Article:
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Frank J. Reilly A.N.A.


Reilly was an American painter, illustrator, muralist, and teacher. He taught drawing and painting at the Grand Central School of Art, and illustration at Pratt Institute and Moore College of Art. However, he is best known for his twenty-eight years of instructing at the Art Students League of New York and establishing the Frank J. Reilly School of Art in the early sixties, where he taught until his death in 1967.

The son of a Broadway stage manager, Frank Joseph Reilly was born August 21, 1906, in New York City. He studied at the Art Students League of New York from 1927 through 1931. Frank was admitted as a student into George Bridgman's drawing class. It was required that prospective students take an entry test. "I had boned up for this important event by studying art pose number one, the front view, using Mr. Bridgeman's book as a source of information".[1] Reilly served as his class monitor from 1927. Reilly began lecturing at the League in 1933, and upon Bridgeman's death in 1943 took over the figure drawing class. His painting instructor at the League was Frank Vincent Dumond

He also taught at the Grand Central School of Art from 1934 to 1937, and at Moore College of Art and Design, and Pratt Institute from 1951 to 1953.
Reilly served as apprentice to famed illustrator Dean Cornwell, his friend and neighbor, and assisted him on several murals, including the Los Angeles Library Murals and one in the Raleigh Room of the Warwick Hotel in New York City. He held the positions of Art Commissioner of New York City, President of the Council of American Artists Societies, Vice President of the National Society of Mural Painters, and Vice President of the Art Students League.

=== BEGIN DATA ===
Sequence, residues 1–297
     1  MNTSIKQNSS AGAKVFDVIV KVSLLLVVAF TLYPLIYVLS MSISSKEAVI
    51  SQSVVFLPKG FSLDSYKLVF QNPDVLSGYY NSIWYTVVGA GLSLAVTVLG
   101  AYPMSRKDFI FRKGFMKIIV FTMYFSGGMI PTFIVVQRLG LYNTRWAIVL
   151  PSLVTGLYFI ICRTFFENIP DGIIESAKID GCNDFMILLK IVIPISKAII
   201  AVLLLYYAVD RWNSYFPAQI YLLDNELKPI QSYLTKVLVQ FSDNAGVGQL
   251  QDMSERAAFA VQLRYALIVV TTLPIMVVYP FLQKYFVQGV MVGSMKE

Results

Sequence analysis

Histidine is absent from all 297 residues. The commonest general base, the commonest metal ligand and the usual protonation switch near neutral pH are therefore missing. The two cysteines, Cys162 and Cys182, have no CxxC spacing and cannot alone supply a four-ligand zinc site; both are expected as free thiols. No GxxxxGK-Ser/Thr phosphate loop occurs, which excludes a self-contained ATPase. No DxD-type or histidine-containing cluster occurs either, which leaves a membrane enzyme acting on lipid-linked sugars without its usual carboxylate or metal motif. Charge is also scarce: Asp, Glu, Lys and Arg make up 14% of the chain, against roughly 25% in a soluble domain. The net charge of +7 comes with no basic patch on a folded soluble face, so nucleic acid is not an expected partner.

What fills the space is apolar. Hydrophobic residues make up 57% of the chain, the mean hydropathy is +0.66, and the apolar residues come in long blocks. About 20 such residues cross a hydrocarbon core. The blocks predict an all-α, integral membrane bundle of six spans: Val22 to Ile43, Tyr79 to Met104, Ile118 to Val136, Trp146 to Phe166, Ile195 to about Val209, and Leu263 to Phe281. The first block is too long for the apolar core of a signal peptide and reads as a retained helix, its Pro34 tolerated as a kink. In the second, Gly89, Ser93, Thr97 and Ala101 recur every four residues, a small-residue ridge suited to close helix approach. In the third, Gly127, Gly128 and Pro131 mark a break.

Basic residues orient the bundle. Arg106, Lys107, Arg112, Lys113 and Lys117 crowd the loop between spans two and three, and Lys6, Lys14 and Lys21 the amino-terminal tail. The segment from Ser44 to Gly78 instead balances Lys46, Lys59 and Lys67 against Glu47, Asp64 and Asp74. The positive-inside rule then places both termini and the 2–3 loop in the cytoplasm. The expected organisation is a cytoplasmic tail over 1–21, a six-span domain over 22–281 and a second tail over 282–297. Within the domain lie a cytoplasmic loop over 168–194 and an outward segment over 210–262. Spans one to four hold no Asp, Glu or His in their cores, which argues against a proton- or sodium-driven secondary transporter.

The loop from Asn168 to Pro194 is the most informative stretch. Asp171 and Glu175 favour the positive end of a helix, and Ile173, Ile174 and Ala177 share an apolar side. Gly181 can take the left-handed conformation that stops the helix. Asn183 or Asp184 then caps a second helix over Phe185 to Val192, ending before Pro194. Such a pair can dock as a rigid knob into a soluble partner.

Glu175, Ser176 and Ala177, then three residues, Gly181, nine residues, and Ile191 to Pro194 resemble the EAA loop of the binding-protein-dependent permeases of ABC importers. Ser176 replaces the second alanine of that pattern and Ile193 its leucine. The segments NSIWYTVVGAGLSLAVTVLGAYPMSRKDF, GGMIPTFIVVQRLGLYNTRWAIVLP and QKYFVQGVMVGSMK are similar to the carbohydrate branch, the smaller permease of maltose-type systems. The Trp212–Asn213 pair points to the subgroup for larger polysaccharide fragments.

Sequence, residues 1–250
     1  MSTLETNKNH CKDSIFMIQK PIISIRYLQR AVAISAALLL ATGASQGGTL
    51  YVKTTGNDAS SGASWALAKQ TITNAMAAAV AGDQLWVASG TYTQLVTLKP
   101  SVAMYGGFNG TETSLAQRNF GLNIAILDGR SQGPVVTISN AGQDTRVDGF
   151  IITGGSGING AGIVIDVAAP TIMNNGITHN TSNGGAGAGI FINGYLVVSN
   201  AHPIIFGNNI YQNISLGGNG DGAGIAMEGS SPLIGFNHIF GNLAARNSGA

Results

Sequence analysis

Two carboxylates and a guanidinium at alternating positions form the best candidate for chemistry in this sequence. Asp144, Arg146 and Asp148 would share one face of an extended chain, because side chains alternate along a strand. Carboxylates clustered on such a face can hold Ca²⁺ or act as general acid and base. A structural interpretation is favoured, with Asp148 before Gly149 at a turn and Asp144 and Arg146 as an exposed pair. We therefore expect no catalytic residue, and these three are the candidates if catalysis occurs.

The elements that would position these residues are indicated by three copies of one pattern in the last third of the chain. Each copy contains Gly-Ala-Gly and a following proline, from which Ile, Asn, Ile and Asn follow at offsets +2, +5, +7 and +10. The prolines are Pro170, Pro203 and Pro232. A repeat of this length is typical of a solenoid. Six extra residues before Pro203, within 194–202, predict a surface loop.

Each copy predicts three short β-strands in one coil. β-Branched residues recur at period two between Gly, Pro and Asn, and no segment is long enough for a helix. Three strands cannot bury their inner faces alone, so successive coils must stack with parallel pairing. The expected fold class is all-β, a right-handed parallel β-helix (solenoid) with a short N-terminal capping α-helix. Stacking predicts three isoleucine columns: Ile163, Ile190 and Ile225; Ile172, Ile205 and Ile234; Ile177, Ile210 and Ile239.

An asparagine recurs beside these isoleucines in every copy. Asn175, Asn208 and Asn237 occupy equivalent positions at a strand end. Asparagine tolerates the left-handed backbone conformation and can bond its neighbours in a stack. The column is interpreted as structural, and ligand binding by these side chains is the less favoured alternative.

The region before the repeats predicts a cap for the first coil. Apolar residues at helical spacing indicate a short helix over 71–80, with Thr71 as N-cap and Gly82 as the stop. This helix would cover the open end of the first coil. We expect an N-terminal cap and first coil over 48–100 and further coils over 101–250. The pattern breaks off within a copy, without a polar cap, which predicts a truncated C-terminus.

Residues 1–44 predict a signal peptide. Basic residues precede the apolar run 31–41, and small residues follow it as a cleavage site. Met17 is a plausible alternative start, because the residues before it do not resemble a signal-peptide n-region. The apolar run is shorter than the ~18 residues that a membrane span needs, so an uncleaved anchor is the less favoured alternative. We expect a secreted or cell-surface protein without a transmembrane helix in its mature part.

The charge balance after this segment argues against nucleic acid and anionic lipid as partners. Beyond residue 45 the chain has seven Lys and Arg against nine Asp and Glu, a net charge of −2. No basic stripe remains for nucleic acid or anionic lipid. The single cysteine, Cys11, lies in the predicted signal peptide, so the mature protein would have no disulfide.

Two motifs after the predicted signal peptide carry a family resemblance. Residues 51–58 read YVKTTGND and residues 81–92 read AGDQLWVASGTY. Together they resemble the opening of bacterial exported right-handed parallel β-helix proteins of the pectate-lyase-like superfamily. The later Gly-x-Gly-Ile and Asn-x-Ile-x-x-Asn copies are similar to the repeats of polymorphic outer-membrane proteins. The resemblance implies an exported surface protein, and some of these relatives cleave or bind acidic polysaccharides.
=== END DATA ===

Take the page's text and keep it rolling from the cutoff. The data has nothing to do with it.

His illustration clients included Continental Distilling Corporation, the Pennsylvania Railroad and Philadelphia Whiskey. In 1947 he completed a series of twelve historical painting for the Continental Distilling Corporation that were released as lithographs and print ads. Reilly created murals for the Bronx High School of Science and the Johnson City Courthouse in Tennessee. He taught mural painting at the National Academy of Design.